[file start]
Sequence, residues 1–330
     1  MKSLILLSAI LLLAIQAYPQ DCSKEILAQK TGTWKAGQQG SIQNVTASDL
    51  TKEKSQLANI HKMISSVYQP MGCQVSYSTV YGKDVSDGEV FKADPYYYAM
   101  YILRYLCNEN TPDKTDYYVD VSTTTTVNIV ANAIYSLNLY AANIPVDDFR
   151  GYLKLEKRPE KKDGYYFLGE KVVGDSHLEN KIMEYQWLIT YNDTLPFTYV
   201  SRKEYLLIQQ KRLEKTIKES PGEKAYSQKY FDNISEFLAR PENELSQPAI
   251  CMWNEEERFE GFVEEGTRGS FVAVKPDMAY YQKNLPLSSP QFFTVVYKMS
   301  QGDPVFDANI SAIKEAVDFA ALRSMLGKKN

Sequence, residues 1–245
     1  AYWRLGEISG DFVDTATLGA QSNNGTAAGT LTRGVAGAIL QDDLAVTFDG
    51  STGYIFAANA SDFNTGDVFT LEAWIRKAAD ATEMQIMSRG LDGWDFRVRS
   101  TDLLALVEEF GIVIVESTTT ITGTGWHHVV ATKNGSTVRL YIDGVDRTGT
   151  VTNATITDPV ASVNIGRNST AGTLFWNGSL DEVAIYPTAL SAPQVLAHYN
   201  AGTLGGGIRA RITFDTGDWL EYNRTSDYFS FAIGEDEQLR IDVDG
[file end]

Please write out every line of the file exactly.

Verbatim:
Sequence, residues 1–330
     1  MKSLILLSAI LLLAIQAYPQ DCSKEILAQK TGTWKAGQQG SIQNVTASDL
    51  TKEKSQLANI HKMISSVYQP MGCQVSYSTV YGKDVSDGEV FKADPYYYAM
   101  YILRYLCNEN TPDKTDYYVD VSTTTTVNIV ANAIYSLNLY AANIPVDDFR
   151  GYLKLEKRPE KKDGYYFLGE KVVGDSHLEN KIMEYQWLIT YNDTLPFTYV
   201  SRKEYLLIQQ KRLEKTIKES PGEKAYSQKY FDNISEFLAR PENELSQPAI
   251  CMWNEEERFE GFVEEGTRGS FVAVKPDMAY YQKNLPLSSP QFFTVVYKMS
   301  QGDPVFDANI SAIKEAVDFA ALRSMLGKKN

Sequence, residues 1–245
     1  AYWRLGEISG DFVDTATLGA QSNNGTAAGT LTRGVAGAIL QDDLAVTFDG
    51  STGYIFAANA SDFNTGDVFT LEAWIRKAAD ATEMQIMSRG LDGWDFRVRS
   101  TDLLALVEEF GIVIVESTTT ITGTGWHHVV ATKNGSTVRL YIDGVDRTGT
   151  VTNATITDPV ASVNIGRNST AGTLFWNGSL DEVAIYPTAL SAPQVLAHYN
   201  AGTLGGGIRA RITFDTGDWL EYNRTSDYFS FAIGEDEQLR IDVDG